• Kevin says:

            You’re right about G Carlin. I liked pretty much everything he did. His last appearance here at the NAC, though, one of his topics was suicide. Now, there are some things you just can’t make a comedy routine out of, and that’s definitely one of them. We gave him an ovation at the end of his show, but I’m sure that for most people, it was in appreciation for his body of work, not his choice of material that one time.

  6. JamesHalifax says:

    Hey, Warren…on another note. Do you want to give Dalton McGinty a call and tell him he can stop spending billions on windfarms no one by lizzie May and David suzuki want? If it’s hard to convince them they have been duped…show him this.

    http://www.americanthinker.com/2012/07/ipcc_admits_its_past_reports_were_junk.html

    Oh..and while you’re at it….tell Kirsty Duncan that Nobel called…they want the prize back.

  7. WDM says:

    A few things I’d like to see changed in terms of how politics is covered by the media:

    1. Don’t allow the party to decide who they send for an interview. If any party, whether it be Conservative, Liberal or NDP send on someone who has a history of refusing to answer the question, tell them their services aren’t needed.

    2. Less focus on silly inside Ottawa issues. On a 2 hour show, have 6 20 minute blocks to really analyze an issue, story or piece of legislation.

    3. Do a better job of restricting the use of anonymous sources.

    4. Completely end MP panels.

    Some will say the lack of partisan sniping may decrease interest in the show, but my view is that anyone willing to sit down and watch two hours of political coverage will take the in-depth policy analysis as well.

    • Philip says:

      Right on the money. Points 3 and 4, in particular, would go a long way to improve how reporters and producers present their stories to us. You are right about the appetite out there for a serious 2 hour look at Canadian politics, I’m not sure if we will ever see it but I do live in hope.

      • JamesHalifax says:

        WDM….I have to agree. There is nothing more irritating than watching a bunch of partisan MP’s being interviewed on the CBC, and the CBC treating it as news as opposed to simple talking points they have all rehearsed. it’s pathetic.

        If Evan solomon wants an opinion…on public opinion…then he should walk the streets and ask severerly normal Canadians what they think. True, you’ll find a great many who don’t pay attention, or give silly ill-informed answers, but still, seeing how ill-informed the average Canadian is about politics is in and of itself also very informative.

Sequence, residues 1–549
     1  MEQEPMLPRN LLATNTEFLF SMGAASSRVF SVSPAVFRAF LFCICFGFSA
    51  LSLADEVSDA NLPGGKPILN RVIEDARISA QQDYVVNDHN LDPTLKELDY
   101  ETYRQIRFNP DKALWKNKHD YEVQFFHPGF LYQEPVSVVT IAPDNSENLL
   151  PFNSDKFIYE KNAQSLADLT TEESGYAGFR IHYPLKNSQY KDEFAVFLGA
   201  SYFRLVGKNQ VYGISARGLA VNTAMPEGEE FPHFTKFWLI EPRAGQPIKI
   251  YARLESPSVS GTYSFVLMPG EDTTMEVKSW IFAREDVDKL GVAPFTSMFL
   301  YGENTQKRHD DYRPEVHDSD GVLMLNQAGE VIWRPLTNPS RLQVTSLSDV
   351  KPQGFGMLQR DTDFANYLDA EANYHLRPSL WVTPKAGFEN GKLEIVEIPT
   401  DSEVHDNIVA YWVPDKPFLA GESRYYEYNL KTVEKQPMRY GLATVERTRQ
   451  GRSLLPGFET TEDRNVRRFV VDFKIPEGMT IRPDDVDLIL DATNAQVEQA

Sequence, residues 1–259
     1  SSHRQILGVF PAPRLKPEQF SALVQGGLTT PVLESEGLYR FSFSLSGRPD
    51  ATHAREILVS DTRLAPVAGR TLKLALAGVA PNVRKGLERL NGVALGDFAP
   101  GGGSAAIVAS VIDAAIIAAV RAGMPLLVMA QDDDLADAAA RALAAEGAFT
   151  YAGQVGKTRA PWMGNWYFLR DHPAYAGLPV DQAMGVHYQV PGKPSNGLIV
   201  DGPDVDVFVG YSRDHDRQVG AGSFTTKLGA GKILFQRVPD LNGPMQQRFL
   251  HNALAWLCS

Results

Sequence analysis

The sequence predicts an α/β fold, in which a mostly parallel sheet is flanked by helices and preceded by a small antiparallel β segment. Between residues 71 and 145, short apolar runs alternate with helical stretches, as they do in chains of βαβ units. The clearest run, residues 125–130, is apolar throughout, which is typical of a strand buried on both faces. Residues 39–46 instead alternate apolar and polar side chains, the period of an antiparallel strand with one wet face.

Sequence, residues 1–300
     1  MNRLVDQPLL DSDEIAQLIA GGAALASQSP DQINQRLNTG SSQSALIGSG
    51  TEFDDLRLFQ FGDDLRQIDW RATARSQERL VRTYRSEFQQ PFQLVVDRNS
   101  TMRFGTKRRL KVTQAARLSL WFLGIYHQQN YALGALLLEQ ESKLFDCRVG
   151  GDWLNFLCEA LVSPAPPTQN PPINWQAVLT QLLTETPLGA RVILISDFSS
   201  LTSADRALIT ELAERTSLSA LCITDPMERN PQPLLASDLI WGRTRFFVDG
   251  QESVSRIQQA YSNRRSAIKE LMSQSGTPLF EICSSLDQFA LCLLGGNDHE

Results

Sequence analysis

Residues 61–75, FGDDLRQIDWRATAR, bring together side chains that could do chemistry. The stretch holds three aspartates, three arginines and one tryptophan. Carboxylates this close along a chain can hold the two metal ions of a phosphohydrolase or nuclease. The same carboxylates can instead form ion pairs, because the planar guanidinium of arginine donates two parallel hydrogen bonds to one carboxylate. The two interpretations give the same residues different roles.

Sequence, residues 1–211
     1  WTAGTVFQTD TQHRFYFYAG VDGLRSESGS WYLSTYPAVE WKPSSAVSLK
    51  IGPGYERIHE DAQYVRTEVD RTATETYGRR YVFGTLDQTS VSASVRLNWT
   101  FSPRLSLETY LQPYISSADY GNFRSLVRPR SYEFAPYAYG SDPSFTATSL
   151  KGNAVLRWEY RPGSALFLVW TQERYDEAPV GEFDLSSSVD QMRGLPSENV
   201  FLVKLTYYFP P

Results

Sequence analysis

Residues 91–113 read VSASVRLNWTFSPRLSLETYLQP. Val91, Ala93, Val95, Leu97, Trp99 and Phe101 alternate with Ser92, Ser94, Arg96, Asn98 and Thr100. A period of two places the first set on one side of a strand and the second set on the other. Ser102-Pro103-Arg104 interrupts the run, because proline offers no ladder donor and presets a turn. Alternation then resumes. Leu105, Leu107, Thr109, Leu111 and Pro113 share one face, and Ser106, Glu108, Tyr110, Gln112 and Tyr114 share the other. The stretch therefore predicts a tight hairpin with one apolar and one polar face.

• Tim Sullivan says:

      Ottawa South MP David McGuinty has wised-up to some of these media tactics. He refuses when asked to do panels now. When he does something, he will avoid certain panelists. He sees that the media thrive on, dwell on, and require conflict.

      If you ask him, he will tell you that his constituents have commented to him more favourably about him since he’s shunned the MP panels. He sticks around the riding (not so hard being in Ottawa). He had one of the biggest pluralities of the Liberals in the last election.

      If airlines advertised like politicians, no one would fly.

  8. JamesHalifax says:

    Ottawacon….the only role the Government can play right now is funding, and working with the Chief’s. Unfortunately, the feds can’t take the time to go to the reserve and try and teach mother’s or mother’s to be that drinking, smoking, or taking drugs while pregnant is a bad idea.

    I think chretien tried to address the problem in 1968….and he was pilloried for it as being some kind of meddler, or of trying to assimilate first nations folks. The Government cannot help anyone unless they want to be helped, and simply throwing money at the problem isn’t going to do it.

    On the news last night, it was shown how an innu chief on a poor reserve paid himself $1,000,000 salary, begging the question, how does paying yourself far more than your worth…help the poor on the reserve. I’m sure most of that money would have been better spent elsewhere. Same with Attiwaspikat. The chief was doing fine as were her fellow councillers and elders….but many of her people were living in shacks.

  9. Anne Peterson says:

    Some people should get out more or read more or something. Drive through Denmark and there is a windmill at the back of every farm and lots of other places. Not technology that should be shelved just because some people are dinosaurs. If wind energy had as much financial help from the feds as the oil industry McGuinty’s ideas would be a go-ahead.

    • JamesHalifax says:

      Anne…if you’re such a fan.

      Ask one to be put in your back yard.

      Just remember to clean up the dead birds each day….you don’t want to stink up the place.

      Oh….and pay six times as much for electric power than it actually costs.

      • Michael says:

        James I am wondering why the federal Conservative government is assisting the manufacturers of wind turbines?

        Surely Harper has access to the same data you do? Can’t he see all that is wrong with wind turbines?

        • JamesHalifax says: